Bitcoin mining uses as much electricity as a small country. Many people hate it for this reason, its one of the more popular arguments against crypto currencies. Will crypto mining kill polar bears? I think not. I think it will help save polar bears. “Bear” with me.
Germany produces a significant part of its electricity from renewable energy: wind and solar. As we all know, these sources are intermittent and seasonal, as is demand. When the share of renewable energy in the overall energy mix becomes large enough, the result is inevitable: temporary and seasonal overcapacity. This isnt just theoretical, energy prices in germany and the UK where effectively negative last Christmas: http://www.businessinsider.com/renewable-power-germany-negative-electricity-cost-2017-12//?r=AU&IR=T
As explained in the above article, this isnt a rare freak occurrence, its expected and this will have to be become much more common if as a society, we want to transition away from fossil fuels. Because to do that we need (much) more renewable energy sources. A study I saw for Germany calculated they needed at least 89% more capacity, just to handle peaks loads. But that also implies an incredible amount of overcapacity when demand isnt anywhere near peak, or when supply is above average due to favorable weather. Storing excess renewable electricity in most places is very expensive and inefficient. So much so that its rarely even done. This is a major problem. Wind turbines are therefore feathered, solar panels turned off, excess electricity dumped in giant electrical heaters, offered for free or even offered at negative prices. Renewable energy may have become cheaper than other forms per KWH, but thats only if when you can use all of the production. Building capacity that can only be used 50% or even 10% of the time, or building infrastructure to store surplus electricity is still very expensive.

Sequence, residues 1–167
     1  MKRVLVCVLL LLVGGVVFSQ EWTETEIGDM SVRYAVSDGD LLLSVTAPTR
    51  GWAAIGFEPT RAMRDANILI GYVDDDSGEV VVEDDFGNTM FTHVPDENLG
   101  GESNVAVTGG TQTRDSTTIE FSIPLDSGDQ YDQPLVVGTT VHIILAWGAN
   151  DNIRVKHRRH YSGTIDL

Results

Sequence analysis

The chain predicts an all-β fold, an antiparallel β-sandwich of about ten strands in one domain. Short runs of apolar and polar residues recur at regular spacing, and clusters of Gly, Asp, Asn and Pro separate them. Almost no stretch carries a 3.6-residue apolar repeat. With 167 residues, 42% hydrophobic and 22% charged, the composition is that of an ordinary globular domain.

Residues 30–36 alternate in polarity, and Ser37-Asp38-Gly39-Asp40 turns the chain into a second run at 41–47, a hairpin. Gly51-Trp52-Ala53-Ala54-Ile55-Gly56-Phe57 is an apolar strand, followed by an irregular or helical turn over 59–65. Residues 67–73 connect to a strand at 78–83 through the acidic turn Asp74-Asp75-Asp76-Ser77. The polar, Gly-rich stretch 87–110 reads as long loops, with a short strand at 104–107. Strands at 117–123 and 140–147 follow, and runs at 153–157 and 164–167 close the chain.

I know what you’re thinking. Mining wont help here, because mining intermittently is something that seems crazy today; miners keep their expensive machines on 24/7. But thats only because today, the overall cost structure of a (bitcoin) miner is heavily titled towards writing off hardware. Particularly for anyone paying retail prices for mining asics. This will change completely, because of two related reasons:
1) mining efficiency improvements will taper off.
Mining asics have been progressing extremely rapidly, from FPGA’s to using 20 year old obsolete 130nm process technology in the first asics to modern 16nm chips now. This has resulted in at least a million fold improvement in efficiency in just a few years, which in turn lead to hardware investments that needed to be recovered in a few months or even weeks (!) before they were obsolete. Opportunity cost has been so high, that miners have literally chartered 747s to transport new mining equipment from the manufacturer in China to their mines in the US.